Night Flyers, what do you use?

The Rocketry Forum

Help Support The Rocketry Forum:

This site may earn a commission from merchant affiliate links, including eBay, Amazon, and others.

Do you use Quick Reply and can't live without it?

  • Yes

  • No

  • Yes

  • No

Results are only viewable after voting.


Well-Known Member
Jul 23, 2002
Reaction score
For those of you guys that fly at night, what do you use for a light source?

Take the poll and add addtional comments and details!!

A lot of it depends on the rocket, and the rules of the launch. I attended my first night launch a few weeks ago at Southern Thunder. The rules were, only one light source required for flights powered by D and under. Two light sources for impulse above D, one of which must be electronic.

Most participants just taped, or tied light sticks to their rockets. The higher powered ones, used strobes, and one used a small electronic light "tube", which was from an auto parts store, wrapped barber shop pole style around the body. They also taped, or tied sticks on for the second source.

I made two flights. One, an Estes Sky Winder, with the small "bracelet" light sticks taped to the helicopter blades. Made for a very nice light disc during recovery. The second, was an upscale 29mm Tri F O. I made an electronic light by soldering two AAA batteries together to power a bulb from a Mini Mag flashlight, which was taped to the mmt so the light stuck up on top. For the second light source, I taped the "bracelet" sticks length wise on each of the three sides. It launched on an Ellis Mtn G20-3 (a nice 5 second burn motor).
I posted a thread awhile back with a title something like "Night Launches a fun Full FAA waivered activity"

I've been flying Nite Illumination Tracking Equipment "NITE" systems since 1990. Almost all of them are LEDS of one sort or another, Strobes are ok but are sometimes a little harder to follow than the LEDs.

With help from FAA; We've identified and come up with Night launch regs that keep everyone safe. Basicly the reason FAA does not allow ANY model rocket launch after SUNSET not even dark. (NO our 1 lb exemption does not apply between Sunset and Sunraise) is to protect the civil airman flying along minding he's own business. While it's almost imposible for us to actually hit even a low flying aircraft, we sure can scare the heck out of them;) as evidenced by the 2 or 3 cases of HPRs "Close Calls" causing all kinds of kinds of havoc near BWI's approach over Kent Island in Maryland. All that said, applying for and receiveing a full FAA waiver for your Night Lanuch activities is pretty easy, but does take some time with the paperwork.
So with waiver in hand, it's what Vehicles with What Tracking system? We've found Cylumes are fine on low altitiude gliders, and other models from Micro-Maxx to B impulse motors (Regardless of Weight or Area). Any model flying on a C motor or up MUST have an illumination system visible at 2000ft with an intensity of at least 2000 mcd or greater. LED's,Strobes, Illumination panels, bulbs and other systems have been sucessfully used.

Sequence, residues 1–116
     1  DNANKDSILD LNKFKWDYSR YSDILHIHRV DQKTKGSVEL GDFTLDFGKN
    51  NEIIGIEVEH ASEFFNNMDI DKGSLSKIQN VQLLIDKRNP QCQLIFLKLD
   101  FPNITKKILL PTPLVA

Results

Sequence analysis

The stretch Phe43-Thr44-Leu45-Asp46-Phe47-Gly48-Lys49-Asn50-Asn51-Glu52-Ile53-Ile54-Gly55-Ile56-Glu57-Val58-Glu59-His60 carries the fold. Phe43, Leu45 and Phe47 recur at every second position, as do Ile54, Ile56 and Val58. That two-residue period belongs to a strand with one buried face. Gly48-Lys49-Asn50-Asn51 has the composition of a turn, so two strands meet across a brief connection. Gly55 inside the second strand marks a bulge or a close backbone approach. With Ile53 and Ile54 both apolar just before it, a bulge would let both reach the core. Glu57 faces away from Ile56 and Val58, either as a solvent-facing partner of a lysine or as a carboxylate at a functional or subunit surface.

Some incandescent bulbs should not be used as the forces at ejection and landing have a tendency to break the filiments.

One very important point, the Night Tracking system MUST be visible during the entire flight. putting cylumes on the parachute attachment just do NOT cut it. If for some reason you have a no deploy situaftion the model will come in ballistic invisible in the dark. VERY DANGEROUS!
Clear payload sectons, throu-the-wall installations or exterior mountings are the three most common practices for NITE system equipement. You'll likely hear a lot of static that flying saucers, IFO's and such, Powered by C and up motors should be allowed with cylumes because of their low Don't make this exception. Snitch, UFO's and even the Paper UFOs have been successfully converted for Illuminated night flight with LED's and some of Art Applewhites up to G motor with strobes... Very cool.

I personally tend toward LED's in Strings of 3 to 15, some larger LMR models have as many as 43. All are powered by 3volt battery systems most with lithium button cells, very light weight VERY Long lasting. whiile a few of my Micro-Maxx models fly with a single LED illiminating the entire nose cone.

For some of the Bigger LMR and HPR models "Night Launch" company sells a number of 9v illiminescent flexable panels that can be wrapped around the model a very interesting effect.
Heres a Pic page of my old Estes UFO converted for Night flights.
Heres a page of several LED packages that can be flown in BT-20 & BT-50 clear payload sections.

Hope this helps folks get beyond taping things to the outside of the models.
Here's the back end. Basically I sawed off the PNC-60 nose cone at the front and back and super glued the Night Bobby on to what was left. Left enough on to attach a kevlar loop but took enough off to reach the ON-OFF actuator.

The model itself is a scratch build. The parallel boosters are funtional and use dual 1/8" dowels and lugs. You may have noticed the cheesecake noseart. It's a WWII pattern with an alien face. The battle damage is from a decal set.
Originally posted by MetMan
Here's a close up of the nose end.

Yes! great choice!, There are also the magnetic light up body jewelry, and All kinds of things form Halloween especially at the dollor stores. Also check out at American Scientific and There's a load of places

You can change the color of a nose cone with one of the 2000mcd or up Leds
Originally posted by Micromister
Heres a page of several LED packages that can be flown in BT-20 & BT-50 clear payload sections.

Hope this helps folks get beyond taping things to the outside of the models.

I really like the BT50 package. Do you know where I can get the schematic? Is this a kit?
I'm afraid I use a string of LEDs. In all my night flyers. They all have clear payloads.
BTW I got the idea from MicroMister.
Originally posted by flying_silverad
For those of you guys that fly at night, what do you use for a light source?


I haven't flown them yet, but I'm putting together equipment for a strobe (flasher system and LEDs). Testing will be with it all packed into a clear payload bay. End product will be with the LEDs embedded in the bird, probably at corner of the trailing and tip edges of the fins.